Articles Habit People

Pieces of A Larger Narrative

May 20, 2015

Fields of Strawberry

Despite the fact that we are in a constant upheaval with the internet that forgets, it is fortunate that, because of his instructions prior to his death, Derek’s self-hosted domain would be preserved, ensuring that his experiences and legacy would continue in his last blog post. It’s a sobering read that constantly reminds me to set aside little vanities and superficiality for the loving relationships and wonderfully supportive people in my life.

On the topic of Penmachine Derek Miller’s memorial, which I have been spending quiet time to reflect and write about on each anniversary, one writer from the New York Times caught my eye about bridging the divide between building a career and creating a moral bucket list for your funeral.

“It occurred to me that there were two sets of virtues, the résumé virtues and the eulogy virtues. The résumé virtues are the skills you bring to the marketplace. The eulogy virtues are the ones that are talked about at your funeral — whether you were kind, brave, honest or faithful…

We all know that the eulogy virtues are more important than the résumé ones. But our culture and our educational systems spend more time teaching the skills and strategies you need for career success than the qualities you need to radiate that sort of inner light.

Many of us are clearer on how to build an external career than on how to build inner character.”
—The Moral Bucket List by David Brooks, (first published in The New York Times, April 11, 2015)

Brooks leads the discussion on a perspective that relies on the building blocks of our personal failures, recognizing character and humility in others. It’s a topic that hovers as a pink elephant in the room when depression and suicide are present in daily conversations, lately.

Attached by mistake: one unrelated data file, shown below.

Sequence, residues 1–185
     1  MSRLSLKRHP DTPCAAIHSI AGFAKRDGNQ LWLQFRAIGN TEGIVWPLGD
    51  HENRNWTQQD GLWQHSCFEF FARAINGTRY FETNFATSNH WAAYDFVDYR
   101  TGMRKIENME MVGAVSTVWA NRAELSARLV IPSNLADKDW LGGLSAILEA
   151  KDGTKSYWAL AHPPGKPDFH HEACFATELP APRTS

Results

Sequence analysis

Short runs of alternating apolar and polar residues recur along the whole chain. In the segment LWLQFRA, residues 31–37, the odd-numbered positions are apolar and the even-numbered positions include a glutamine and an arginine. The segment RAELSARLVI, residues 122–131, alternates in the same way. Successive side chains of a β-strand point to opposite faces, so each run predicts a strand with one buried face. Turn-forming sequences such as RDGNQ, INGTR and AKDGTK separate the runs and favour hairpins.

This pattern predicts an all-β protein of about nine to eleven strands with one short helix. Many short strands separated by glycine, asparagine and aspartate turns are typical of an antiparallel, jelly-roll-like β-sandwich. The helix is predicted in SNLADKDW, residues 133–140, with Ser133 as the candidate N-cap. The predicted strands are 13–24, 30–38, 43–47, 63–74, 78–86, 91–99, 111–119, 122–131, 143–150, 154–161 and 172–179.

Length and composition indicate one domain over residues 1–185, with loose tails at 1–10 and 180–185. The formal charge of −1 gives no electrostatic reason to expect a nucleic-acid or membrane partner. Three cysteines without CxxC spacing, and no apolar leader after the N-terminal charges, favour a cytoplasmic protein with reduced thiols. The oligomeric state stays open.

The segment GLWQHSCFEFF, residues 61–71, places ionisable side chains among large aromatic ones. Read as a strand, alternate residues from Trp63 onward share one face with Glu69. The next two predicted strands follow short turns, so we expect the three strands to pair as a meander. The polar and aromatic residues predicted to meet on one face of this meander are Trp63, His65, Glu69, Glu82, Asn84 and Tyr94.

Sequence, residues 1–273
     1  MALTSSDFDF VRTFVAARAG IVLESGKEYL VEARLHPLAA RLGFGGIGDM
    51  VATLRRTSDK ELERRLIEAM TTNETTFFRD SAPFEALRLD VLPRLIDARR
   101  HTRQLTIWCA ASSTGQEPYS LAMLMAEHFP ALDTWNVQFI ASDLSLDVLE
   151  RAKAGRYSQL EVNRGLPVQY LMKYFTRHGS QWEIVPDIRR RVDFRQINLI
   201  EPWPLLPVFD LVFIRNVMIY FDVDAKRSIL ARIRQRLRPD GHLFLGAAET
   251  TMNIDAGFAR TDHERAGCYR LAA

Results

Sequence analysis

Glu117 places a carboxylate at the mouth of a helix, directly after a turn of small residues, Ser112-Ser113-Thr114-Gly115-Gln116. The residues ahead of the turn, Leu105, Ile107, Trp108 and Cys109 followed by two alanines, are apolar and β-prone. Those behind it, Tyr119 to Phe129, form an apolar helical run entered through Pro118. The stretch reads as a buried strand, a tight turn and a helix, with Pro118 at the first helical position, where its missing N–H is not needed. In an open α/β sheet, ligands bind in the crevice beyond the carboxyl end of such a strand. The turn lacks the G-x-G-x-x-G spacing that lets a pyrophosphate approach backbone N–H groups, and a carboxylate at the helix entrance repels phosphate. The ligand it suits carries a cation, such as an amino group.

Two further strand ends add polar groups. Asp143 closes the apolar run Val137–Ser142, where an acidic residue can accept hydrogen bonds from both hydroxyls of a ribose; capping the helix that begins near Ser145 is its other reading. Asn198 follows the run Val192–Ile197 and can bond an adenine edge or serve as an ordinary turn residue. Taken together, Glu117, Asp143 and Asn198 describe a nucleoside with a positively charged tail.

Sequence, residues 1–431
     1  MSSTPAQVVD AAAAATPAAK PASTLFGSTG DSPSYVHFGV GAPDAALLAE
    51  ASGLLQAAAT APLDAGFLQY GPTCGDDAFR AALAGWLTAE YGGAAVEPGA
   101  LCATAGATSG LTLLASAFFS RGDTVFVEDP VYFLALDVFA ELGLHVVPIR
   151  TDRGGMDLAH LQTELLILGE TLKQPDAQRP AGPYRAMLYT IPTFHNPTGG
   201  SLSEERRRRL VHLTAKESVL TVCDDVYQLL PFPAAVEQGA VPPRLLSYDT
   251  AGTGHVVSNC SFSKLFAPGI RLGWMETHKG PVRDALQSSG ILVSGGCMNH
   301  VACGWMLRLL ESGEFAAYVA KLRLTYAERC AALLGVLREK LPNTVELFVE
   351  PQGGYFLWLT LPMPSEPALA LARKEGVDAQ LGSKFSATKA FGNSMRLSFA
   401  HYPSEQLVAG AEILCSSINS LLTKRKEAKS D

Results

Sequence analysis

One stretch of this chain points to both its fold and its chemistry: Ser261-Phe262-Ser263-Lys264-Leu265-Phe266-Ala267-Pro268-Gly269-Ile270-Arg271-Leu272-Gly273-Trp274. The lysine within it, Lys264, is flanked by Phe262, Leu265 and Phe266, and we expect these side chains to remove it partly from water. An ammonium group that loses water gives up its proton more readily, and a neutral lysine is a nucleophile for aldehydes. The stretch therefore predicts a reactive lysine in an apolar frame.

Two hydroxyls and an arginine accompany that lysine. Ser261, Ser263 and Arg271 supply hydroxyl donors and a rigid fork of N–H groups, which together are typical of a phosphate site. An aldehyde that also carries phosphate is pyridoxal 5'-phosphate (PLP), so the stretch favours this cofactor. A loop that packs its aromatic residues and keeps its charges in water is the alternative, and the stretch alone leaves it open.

I have a tendency to quietly observe others and withholding my thoughts in speech, and wonder if other people are constantly thinking and wondering if their daily interactions will be present during their funeral eulogy. In contrast to this sombre frame of mind, Jack Cheng recently elaborated on Bruce Jenner’s interview with Diane Sawyer, and our cultural association of external accomplishment with internal accomplishments, and the presence of distractions.

“—when a person has achieved something worthy of recognition we think it’s because they have persevered and overcome a great inner struggle.

Sometimes this is the case but not always; often an external achievement comes out of avoidance, of doing anything and everything possible not to have to face the real struggle. We drown ourselves in work to distract us from problems in our love lives. We try to outdo our rivals to escape our jealousy.

When we have exterior accomplishment without the interior, that’s when, I think, we most strongly feel like we are imposters. Like, Okay, we’ve done this great praiseworthy thing so how come we still aren’t a better human being? Perhaps it’s because when we ignore the internal challenges, we tend to act from fear rather than in spite of it. When we do the former, even if we succeed outwardly, we fail inwardly.

That vague and oft-repeated idea—being true to yourself—in the context of the interview takes on a much more precise meaning.

Being true to yourself is facing the interior challenges; taking the shame and struggle given to you by birth and circumstance, and making it your life’s work.”

—The Moral Bucket List by David Brooks, (first published in The New York Times, April 11, 2015)

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